EC: What are your views on legalization of marriage for same-sex couples?

AD: It is unconscionable for New York to discriminate against a class of citizens on the basis of gender. The original Domestic Relations law in New York State does not discriminate by gender. Eliot Spitzer should never have prosecuted Green Party Mayor and Deputy Mayor Jason West and Rebecca Rotzler for marrying same-sex couples. On the contrary, he should be prosecuting town clerks who are discriminating against same-sex couples when they refuse to issue marriage licenses.

EC: What is your response to the frequent objection that a vote for third parties is a wasted vote, and just hands over elections to the Republicans?

AD: A wasted vote is a vote for a candidate who is taking his victory for granted. The only way that Malachy McCourt and I could spoil this election for Eliot Spitzer is if we were to win. Voters who want to send a clear signal that they support renewable energy, civil rights, dropping the Rockefeller Drug Laws, universal single-payer health care, housing as a human right and who want New York to divest from the war and bring our National Guard home should vote for the Malachy McCourt/Alison Duncan ticket. A Green vote for governor is especially valuable in this election because we need at least 50,000 votes to regain our ballot status. Ballot status will give the Green Party much more opportunity to grow and to be elected into local offices. It will also give New Yorkers more choice on the ballot.

EC: What should voters know about you personally? Where is your hometown and where do you live now? What is your profession?

AD: I grew up in Schenectady, NY. I live, now, in New York City, in the East Village. I am a union audiovisual technician at a mid-town hotel. I am a delegate in my union. I volunteer in the rape crisis program and child psychiatric unit at St. Vincent’s hospital in Manhattan. I also volunteer in a lab at City College, a lab at Albert Einstein and in my church’s homeless shelter. Before I started the Lt. Governor campaign I volunteered with the Green Party organizing events, helping local candidates, speaking to groups and teaching workshops for activists on managing stress and avoiding burnout.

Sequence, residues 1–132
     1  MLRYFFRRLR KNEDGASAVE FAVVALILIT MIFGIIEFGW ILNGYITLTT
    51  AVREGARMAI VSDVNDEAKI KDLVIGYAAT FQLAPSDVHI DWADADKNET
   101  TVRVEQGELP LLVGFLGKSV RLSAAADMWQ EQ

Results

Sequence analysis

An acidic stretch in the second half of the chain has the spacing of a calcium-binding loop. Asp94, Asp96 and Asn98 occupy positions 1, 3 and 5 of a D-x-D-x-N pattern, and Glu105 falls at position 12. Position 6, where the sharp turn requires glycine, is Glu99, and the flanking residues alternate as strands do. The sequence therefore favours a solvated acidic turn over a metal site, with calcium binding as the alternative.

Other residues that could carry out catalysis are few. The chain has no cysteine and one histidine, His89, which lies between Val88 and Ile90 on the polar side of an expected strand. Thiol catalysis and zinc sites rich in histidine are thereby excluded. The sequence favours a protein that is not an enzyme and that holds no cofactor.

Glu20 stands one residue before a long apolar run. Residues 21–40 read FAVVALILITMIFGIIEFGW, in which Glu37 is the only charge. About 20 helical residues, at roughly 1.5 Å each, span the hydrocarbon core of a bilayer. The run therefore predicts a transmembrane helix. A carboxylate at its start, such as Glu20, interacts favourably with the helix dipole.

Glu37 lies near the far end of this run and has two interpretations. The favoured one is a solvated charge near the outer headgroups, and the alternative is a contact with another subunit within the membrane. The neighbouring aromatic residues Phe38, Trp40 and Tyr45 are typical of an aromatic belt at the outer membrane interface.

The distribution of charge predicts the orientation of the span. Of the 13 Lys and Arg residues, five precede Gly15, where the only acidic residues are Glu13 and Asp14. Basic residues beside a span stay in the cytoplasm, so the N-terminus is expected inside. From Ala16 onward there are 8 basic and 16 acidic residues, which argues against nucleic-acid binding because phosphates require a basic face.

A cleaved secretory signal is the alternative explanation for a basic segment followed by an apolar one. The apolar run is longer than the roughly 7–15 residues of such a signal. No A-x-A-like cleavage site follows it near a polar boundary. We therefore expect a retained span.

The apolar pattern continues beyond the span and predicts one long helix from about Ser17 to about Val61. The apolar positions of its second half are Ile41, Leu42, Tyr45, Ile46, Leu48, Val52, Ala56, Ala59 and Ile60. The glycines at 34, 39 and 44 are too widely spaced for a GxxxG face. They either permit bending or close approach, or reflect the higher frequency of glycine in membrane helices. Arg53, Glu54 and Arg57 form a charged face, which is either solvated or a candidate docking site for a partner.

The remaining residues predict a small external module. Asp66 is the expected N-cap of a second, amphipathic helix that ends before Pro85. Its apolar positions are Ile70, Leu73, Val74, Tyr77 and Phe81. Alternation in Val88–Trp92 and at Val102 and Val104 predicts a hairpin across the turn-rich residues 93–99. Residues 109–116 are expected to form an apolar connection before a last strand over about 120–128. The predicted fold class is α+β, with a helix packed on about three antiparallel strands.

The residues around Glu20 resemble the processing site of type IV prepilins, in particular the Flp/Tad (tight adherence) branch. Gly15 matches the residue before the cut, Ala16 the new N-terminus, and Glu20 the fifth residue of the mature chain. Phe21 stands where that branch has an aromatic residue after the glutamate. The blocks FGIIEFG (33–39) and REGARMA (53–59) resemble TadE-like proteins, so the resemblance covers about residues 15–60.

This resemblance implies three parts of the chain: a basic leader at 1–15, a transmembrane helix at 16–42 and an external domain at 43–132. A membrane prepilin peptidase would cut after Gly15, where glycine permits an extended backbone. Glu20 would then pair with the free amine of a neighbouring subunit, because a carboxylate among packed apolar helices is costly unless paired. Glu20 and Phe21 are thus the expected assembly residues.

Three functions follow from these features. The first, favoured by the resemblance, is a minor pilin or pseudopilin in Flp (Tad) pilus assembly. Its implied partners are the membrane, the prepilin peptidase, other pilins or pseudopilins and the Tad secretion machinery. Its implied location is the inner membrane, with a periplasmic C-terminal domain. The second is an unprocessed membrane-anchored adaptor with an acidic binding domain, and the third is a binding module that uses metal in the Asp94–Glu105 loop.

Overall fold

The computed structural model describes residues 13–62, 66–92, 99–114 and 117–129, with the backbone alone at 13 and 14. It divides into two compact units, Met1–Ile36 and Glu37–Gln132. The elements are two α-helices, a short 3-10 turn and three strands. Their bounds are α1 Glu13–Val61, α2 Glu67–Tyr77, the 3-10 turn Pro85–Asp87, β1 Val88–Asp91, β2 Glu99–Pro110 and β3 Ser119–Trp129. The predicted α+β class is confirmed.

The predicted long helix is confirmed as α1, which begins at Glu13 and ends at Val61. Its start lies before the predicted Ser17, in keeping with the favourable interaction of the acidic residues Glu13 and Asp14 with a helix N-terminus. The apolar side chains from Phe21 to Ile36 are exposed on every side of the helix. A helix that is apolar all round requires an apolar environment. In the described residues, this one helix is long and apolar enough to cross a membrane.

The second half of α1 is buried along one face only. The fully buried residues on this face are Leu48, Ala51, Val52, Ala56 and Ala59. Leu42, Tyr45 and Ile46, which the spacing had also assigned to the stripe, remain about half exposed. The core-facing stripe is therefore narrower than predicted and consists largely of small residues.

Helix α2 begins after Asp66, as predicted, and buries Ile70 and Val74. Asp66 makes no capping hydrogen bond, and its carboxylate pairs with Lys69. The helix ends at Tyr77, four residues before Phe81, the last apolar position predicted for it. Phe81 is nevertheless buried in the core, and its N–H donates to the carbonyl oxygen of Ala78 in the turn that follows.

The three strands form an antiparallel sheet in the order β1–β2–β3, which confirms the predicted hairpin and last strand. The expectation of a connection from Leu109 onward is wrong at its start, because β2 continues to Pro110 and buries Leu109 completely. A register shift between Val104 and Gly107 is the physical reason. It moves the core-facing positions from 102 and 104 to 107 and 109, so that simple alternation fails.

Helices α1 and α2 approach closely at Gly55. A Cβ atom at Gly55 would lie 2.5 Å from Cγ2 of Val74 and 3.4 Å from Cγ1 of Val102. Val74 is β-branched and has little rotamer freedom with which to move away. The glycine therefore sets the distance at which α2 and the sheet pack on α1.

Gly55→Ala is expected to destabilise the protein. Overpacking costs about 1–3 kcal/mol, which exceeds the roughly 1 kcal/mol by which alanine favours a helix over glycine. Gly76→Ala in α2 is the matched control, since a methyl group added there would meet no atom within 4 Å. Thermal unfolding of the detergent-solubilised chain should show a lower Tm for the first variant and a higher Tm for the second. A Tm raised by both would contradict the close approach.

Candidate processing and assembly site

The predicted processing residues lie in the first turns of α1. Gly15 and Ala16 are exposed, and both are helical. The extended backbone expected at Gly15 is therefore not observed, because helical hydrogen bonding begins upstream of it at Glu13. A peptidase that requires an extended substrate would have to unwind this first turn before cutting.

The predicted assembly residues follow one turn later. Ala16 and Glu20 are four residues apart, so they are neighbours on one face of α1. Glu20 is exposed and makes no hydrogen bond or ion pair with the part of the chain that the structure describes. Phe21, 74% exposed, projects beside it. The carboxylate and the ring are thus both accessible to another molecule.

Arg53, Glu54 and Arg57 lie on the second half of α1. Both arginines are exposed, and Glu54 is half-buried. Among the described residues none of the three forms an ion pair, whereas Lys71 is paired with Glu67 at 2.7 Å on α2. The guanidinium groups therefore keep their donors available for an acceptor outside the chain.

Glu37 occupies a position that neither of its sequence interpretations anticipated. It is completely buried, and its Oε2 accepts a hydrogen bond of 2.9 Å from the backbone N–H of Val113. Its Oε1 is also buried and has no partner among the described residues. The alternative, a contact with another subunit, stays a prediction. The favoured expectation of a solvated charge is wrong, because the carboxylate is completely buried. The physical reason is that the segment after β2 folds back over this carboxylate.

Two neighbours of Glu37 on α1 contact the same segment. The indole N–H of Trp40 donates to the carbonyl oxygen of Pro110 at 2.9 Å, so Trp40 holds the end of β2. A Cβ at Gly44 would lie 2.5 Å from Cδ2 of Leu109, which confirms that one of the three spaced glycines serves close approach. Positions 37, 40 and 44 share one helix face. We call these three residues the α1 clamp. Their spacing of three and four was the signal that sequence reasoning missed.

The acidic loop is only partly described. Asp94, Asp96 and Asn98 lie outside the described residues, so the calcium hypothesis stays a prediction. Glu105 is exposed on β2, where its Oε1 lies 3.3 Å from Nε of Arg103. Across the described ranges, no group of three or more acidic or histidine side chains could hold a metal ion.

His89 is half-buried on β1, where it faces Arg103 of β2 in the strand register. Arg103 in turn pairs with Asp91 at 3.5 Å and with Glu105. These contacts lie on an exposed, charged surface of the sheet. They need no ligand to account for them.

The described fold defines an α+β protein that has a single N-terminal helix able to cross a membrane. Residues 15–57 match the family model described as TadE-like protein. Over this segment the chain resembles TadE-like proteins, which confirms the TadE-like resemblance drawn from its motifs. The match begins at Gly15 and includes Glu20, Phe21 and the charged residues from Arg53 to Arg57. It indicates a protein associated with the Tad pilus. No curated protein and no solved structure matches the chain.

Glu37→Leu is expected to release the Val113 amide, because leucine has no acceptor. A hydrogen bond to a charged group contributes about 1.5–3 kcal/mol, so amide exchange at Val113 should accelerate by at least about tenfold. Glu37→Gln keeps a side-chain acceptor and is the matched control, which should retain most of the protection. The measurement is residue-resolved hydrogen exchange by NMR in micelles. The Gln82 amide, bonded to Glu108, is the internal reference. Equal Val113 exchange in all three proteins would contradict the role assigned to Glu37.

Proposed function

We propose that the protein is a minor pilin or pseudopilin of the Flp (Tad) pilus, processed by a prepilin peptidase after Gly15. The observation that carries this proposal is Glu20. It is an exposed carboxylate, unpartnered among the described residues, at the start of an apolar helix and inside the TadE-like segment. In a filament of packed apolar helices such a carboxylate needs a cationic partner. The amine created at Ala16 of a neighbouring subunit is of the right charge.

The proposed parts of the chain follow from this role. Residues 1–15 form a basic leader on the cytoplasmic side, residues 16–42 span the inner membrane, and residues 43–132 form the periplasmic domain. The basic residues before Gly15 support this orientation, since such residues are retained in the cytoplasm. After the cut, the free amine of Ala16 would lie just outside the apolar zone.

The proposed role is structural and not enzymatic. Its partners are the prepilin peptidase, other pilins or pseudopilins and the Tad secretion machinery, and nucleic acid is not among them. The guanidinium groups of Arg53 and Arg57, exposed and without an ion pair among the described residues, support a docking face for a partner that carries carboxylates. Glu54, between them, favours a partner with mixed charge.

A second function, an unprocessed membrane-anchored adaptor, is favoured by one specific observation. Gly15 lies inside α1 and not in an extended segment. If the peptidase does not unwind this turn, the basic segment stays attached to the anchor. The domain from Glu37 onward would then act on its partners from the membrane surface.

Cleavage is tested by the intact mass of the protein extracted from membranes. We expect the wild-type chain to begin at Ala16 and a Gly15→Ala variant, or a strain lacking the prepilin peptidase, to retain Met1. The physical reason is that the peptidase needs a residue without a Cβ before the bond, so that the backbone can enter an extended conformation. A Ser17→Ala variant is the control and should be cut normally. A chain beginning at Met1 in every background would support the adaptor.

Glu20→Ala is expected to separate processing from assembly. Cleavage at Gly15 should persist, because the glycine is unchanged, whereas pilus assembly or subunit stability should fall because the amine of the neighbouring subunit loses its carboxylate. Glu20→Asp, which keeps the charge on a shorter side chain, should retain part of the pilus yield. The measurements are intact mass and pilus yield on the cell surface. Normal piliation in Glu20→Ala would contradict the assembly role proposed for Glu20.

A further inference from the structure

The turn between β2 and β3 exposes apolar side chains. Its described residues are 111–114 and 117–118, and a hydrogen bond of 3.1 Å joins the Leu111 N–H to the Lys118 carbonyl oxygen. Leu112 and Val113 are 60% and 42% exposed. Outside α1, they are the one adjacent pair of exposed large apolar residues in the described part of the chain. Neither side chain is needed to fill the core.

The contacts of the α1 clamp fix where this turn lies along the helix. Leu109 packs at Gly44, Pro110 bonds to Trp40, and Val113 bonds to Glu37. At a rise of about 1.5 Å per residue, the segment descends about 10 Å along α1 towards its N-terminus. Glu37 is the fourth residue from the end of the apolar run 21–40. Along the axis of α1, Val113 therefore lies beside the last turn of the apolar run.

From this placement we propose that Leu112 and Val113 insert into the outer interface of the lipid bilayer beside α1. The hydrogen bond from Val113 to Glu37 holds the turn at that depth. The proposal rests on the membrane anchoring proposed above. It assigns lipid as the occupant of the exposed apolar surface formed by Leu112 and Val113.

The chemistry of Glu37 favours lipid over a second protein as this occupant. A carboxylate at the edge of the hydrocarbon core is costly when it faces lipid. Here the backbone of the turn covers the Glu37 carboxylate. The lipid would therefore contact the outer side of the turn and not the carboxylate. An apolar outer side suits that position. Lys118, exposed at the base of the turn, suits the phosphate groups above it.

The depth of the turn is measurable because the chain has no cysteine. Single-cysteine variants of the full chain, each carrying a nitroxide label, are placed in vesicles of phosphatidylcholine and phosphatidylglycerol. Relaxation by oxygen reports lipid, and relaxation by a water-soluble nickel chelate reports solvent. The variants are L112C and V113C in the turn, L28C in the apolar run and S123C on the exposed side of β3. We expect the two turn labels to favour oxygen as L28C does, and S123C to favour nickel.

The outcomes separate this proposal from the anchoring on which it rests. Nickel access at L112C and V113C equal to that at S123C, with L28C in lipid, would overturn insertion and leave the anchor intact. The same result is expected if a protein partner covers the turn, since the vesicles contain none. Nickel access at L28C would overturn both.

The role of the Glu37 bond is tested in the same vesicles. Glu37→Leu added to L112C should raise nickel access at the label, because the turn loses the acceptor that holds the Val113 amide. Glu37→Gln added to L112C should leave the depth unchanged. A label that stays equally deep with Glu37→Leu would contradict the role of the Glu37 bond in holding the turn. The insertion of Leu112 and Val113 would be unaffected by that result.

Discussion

Working to fight homophobia was formative for me as an activist. When I was in high school I co-authored an article entitle “Homosexuality in the High School” for my school newspaper. At the time I didn’t know that I was gay, but I knew that my school was not safe and that homophobia had to be confronted. I came out to myself in the course of researching the article. Once the article hit publication, it was a catalyst for change in the high school. I became an opinion editor on the paper where I wrote, solicited and published articles on lesbian and gay rights. Through SPIF, I organized larger and larger discussions on homophobia and lesbian and gay rights. Visibility, Niskayuna’s Gay Strait Alliance, had its first meeting weeks before I graduated. Now it is a thriving club. There is a lot of work to do in our community to ensure the health and safety of our kids, the well-